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how to annotate a parent-child relationship with Code-First

    Question

  • When using the CTP 5 of Entity Framework code-first library (as announced here) I'm trying to create a class that maps to a very simple hierarchy table.

    Here's the SQL that builds the table:

    CREATE TABLE [dbo].[People] 
    ( 
     
    Id  uniqueidentifier not null primary key rowguidcol, 
     
    Name  nvarchar(50) not null, 
     
    Parent  uniqueidentifier null 
    ) 
    ALTER TABLE
    [dbo].[People] 
     ADD CONSTRAINT
    [ParentOfPerson]  
     FOREIGN KEY
    (Parent) 
     REFERENCES
    People (Id) 

    Here's the code that I would hope to have automatically mapped back to that table:

    class Person 
    { 
       
    public Guid Id { get; set; } 
       
    public String Name { get; set; } 
       
    public virtual Person Parent { get; set; } 
       
    public virtual ICollection<Person> Children { get; set; } 
    } 
     
    class FamilyContext : DbContext 
    { 
       
    public DbSet<Person> People { get; set; } 
    } 

    I have the connectionstring setup in the app.config file as so:

    <configuration> 
     
    <connectionStrings> 
       
    <add name="FamilyContext" connectionString="server=(local); database=CodeFirstTrial; trusted_connection=true" providerName="System.Data.SqlClient"/> 
     
    </connectionStrings> 
    </configuration> 

    And finally I'm trying to use the class to add a parent and a child entity like this:

    static void Main(string[] args) 
    { 
       
    using (FamilyContext context = new FamilyContext()) 
       
    { 
           
    var fred = new Person 
           
    { 
               
    Id = Guid.NewGuid(), 
               
    Name = "Fred"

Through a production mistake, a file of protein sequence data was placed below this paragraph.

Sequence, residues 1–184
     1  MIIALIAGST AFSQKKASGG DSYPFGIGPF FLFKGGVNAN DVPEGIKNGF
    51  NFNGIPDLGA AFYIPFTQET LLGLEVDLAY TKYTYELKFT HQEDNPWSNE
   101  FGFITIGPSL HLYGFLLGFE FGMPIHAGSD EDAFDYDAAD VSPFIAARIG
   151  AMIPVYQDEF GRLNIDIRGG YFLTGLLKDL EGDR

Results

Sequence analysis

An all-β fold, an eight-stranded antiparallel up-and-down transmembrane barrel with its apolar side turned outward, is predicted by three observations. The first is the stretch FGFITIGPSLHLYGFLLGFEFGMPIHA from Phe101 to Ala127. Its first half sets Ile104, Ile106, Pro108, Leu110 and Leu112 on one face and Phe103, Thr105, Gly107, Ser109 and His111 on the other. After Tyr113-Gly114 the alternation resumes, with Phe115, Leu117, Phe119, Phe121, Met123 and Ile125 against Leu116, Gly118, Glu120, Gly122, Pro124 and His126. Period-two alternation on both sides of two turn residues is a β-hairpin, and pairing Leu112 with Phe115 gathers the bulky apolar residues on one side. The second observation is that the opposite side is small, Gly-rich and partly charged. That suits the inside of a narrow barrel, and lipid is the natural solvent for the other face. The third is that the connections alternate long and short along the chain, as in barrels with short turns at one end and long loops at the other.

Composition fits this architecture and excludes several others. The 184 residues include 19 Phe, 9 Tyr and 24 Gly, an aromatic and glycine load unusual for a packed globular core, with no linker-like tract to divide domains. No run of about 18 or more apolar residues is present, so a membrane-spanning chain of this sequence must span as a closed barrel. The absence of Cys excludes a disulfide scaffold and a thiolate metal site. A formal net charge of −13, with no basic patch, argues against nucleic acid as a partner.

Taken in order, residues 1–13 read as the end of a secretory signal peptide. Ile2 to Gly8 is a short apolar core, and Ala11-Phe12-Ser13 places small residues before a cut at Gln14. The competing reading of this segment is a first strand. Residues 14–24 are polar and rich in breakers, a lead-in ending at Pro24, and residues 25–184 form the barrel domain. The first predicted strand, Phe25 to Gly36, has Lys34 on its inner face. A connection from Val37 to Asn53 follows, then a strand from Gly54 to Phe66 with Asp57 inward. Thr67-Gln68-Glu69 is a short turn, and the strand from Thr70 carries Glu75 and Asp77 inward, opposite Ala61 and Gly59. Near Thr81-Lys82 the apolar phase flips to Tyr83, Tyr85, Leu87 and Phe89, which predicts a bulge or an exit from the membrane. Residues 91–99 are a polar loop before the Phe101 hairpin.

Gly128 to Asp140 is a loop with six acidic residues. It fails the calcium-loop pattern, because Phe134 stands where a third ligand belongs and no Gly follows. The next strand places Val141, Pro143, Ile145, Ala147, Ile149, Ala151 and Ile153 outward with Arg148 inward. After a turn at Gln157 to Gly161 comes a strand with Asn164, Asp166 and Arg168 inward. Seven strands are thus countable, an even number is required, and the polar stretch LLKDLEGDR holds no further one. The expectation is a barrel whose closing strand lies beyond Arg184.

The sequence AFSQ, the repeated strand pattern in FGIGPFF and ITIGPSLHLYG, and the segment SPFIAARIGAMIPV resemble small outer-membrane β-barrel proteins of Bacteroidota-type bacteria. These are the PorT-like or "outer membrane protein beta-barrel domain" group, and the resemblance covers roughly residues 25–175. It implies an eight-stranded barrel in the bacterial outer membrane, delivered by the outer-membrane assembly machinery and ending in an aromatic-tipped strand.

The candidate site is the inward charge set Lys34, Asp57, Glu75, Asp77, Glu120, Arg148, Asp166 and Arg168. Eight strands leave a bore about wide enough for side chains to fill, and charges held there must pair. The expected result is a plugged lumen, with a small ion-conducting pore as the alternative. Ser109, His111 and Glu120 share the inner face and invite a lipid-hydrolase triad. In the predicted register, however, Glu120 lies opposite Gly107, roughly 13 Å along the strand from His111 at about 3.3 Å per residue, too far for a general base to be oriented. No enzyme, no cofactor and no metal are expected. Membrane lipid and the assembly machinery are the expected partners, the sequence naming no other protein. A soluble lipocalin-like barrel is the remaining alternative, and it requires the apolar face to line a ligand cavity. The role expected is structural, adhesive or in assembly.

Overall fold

}; 
           
    var pebbles = new Person 
           
    { 
               
    Id = Guid.NewGuid(), 
               
    Name = "Pebbles", 
               
    Parent = fred 
           
    }; 
            context
    .People.Add(fred); 
           
    var rowCount = context.SaveChanges(); 
           
    Console.WriteLine("rows added: {0}", rowCount); 
           
    var population = from p in context.People select new { p.Name }; 
           
    foreach (var person in population) 
               
    Console.WriteLine(person); 
       
    } 
    } 

    There is clearly something missing here. The exception that I get is:

    Invalid column name 'PersonId'.

    I understand the value of convention over configuration, and my team and I are thrilled at the prospect of ditching the edmx / designer nightmare --- but there doesn't seem to be a clear document on what the convention is. (We just lucked into the notion of plural table names, for singular class names)

    Some guidance on how to make this very simple example fall into place would be appreciated.

    Thursday, December 16, 2010 2:43 PM

All replies

  • ...try what I've suggested here a few days ago...
    http://social.msdn.microsoft.com/Forums/en-US/adonetefx/thread/30c4fa2a-ae2a-4494-908e-f6c1f7cbc32f/#bbfc7eb4-c035-4c34-bde5-f217bb541828

    ...it's pretty much the same
    you have to explicitly specify the parent relation 

    modelBuilder.Entity<Person>().HasOptional(n => n.Parent).WithMany().IsIndependent();
    ...that's w/o children
    or you can try including the children in the 'withmany' (e.g. WithMany(p=>p.Children)
    hope it helps,
    Gaga


    Thursday, December 16, 2010 3:55 PM
  • That still results in an exception "Invalid column name 'PersonId'

    Where is this ModelBuilder documented?

    Thursday, December 16, 2010 4:20 PM
  • ...modelBuilder goes into your FamilyContext...